Primitive neuroectodermal tumor of the meninges: An histological, immunohistochemical, ultrastructural, and cytogenetic study
- 57 Downloads
We report a case of primitive neuroectodermal tumor (PNET) arising from the meninges in a 30-yr-old female patient whose clinical and radiological features were consistent with meningioma.
The neoplasm was composed of primitive small, round cells, growing in sheets and nests in continuity with meningeal layers. Ultrastructurally, the neoplastic cells were characterized by large and regular nuclei, primitive cytoplasm with pools of glycogen, and lack of dense core granules. The neuroectodermal nature of the tumor was confirmed by positive immunostaining for vimentin, neurofilaments, neuron specific enolase (NSE), and 013 (an antibody raised against MIC2 antigen). Further support to the diagnosis was obtained by reverse transcriptase-polymerase chain reaction (RT-PCR) detection of Chromogranin A and Secretogranin II genes. t(11;22) translocation was also observed by RT-PCR, a finding that was not recorded in previously described intracranial PNET. The tumor followed a malignant course, recurring and spreading to chest wall and sacro-iliac region over a 10-yr period. The meningeal location enlarges the topographic spectrum of intracranial PNET, and this tumor has to be considered in the differential diagnosis with meningioma.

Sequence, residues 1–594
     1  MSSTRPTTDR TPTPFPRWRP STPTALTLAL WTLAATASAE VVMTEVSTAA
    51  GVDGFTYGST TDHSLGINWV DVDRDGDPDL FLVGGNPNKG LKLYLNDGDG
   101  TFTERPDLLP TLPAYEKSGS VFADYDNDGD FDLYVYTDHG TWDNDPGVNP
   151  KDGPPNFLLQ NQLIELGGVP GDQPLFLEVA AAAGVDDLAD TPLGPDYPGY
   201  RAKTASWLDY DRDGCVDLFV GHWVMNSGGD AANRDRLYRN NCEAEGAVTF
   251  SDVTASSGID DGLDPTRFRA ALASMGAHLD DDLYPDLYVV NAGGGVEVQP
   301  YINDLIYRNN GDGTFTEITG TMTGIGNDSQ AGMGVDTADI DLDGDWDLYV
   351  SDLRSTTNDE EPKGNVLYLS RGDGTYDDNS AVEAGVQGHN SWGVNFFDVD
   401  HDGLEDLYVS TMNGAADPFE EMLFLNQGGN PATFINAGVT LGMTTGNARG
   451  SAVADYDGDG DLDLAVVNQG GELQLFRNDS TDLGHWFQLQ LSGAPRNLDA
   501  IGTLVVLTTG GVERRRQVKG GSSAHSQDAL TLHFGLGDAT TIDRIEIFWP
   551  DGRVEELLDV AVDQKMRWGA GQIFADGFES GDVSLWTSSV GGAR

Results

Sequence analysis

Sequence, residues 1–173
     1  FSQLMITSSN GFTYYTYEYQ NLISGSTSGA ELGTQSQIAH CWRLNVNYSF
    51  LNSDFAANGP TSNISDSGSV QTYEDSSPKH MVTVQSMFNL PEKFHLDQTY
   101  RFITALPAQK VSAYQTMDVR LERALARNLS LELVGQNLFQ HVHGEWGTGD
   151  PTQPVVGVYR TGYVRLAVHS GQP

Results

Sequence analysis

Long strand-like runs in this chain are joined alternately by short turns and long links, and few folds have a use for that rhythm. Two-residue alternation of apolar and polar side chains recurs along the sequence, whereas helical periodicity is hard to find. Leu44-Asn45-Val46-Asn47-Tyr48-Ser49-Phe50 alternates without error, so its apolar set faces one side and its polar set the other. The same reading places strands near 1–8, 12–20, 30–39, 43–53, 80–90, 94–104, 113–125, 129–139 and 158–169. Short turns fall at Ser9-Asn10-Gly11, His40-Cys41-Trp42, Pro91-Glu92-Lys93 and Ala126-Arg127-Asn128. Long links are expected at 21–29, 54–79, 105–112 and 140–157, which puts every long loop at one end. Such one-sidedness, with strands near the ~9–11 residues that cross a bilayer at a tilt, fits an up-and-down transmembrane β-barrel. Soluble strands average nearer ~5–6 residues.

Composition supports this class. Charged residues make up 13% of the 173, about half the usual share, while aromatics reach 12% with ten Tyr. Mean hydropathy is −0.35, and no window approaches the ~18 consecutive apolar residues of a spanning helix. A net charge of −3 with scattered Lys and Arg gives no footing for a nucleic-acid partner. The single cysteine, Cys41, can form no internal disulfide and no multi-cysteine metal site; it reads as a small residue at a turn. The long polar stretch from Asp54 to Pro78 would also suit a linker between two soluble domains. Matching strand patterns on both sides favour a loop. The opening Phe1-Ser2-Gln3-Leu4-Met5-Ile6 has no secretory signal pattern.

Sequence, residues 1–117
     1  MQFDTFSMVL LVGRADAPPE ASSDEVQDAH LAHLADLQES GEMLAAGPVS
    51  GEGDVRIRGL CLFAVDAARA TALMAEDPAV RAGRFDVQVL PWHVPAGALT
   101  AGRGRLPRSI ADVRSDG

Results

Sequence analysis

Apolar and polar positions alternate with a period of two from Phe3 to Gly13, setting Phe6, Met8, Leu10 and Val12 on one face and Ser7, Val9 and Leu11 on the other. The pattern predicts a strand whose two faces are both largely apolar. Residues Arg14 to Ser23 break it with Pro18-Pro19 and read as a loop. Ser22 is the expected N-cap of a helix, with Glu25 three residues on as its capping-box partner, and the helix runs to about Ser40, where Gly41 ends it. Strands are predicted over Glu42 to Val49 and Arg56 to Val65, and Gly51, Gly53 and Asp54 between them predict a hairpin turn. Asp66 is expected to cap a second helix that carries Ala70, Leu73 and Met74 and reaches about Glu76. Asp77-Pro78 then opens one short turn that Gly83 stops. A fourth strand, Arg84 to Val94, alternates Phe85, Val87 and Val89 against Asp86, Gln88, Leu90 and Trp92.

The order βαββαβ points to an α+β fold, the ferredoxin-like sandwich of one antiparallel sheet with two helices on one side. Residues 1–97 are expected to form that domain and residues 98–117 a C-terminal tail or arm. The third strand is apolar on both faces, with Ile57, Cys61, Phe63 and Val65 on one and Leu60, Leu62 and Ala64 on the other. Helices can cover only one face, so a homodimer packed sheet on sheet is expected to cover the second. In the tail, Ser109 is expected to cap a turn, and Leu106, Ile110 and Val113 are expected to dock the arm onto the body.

Key WordsPrimitive neuroectodermal tumors meninges RT-PCR Chromogranin A Secretogranin II t(11:22) translocation
Unable to display preview. Download preview PDF.
- 1.Duckett S. Pediatric neuropathology. Baltimore, MD: Williams and Wilkins, 1995.Google Scholar
- 3.Enzinger FM, Weiss SW. Soft tissues tumors. 3rd ed. St. Louis: Mosby, 1995.Google Scholar
- 5.Rosai J. Ackerman’s surgical pathology. 8th ed. St. Louis: Mosby, 1996.Google Scholar
- 9.Pagani A, Macri’ L, Rosolen A, Toffolatti L, Stella A, Bussolati G. Neuroendocrine differentiation in Ewing’s sarcomas and primitive neuroectodermal tumors revealed by reverse transcriptase-polymerase chain reaction of chromogranins’ mRNA. Diagn Mol Pathol 1988, in press.Google Scholar
- 12.Krishan VV, Saraswathy A, Misra BK, Rout D. Primary Ewing’s sarcoma of the base of skull: a case report. Indian J Pathol Microbiol 36:477–479, 1993.Google Scholar
- 13.Brinkhuis M, Wjinaendts LCD, van der Linden JC, van Unnik AJM, Voute PA, Baak JPA, Meijer CJLM. Peripheral primitive neuroectodermal tumor and extraosseous Ewing’s sarcoma; a histological, immunohistochemical and DNA flow cytometric study. Virch Arch 425:611–616, 1995.Google Scholar
- 14.Ambros IM, Ambros PF, Strehl S, Kovar H, Gadner H, Salzer-Kuntschik M. MIC2 is a specific marker for Ewing’s sarcoma and peripheral primitive neuroectodermal tumors: evidence for a common histogenesis of Ewing’s and peripheral primitive neuroectodermal tumors from MIC2 expression and specific chromosome aberration. Cancer 67:1886–1893, 1991.PubMedCrossRefGoogle Scholar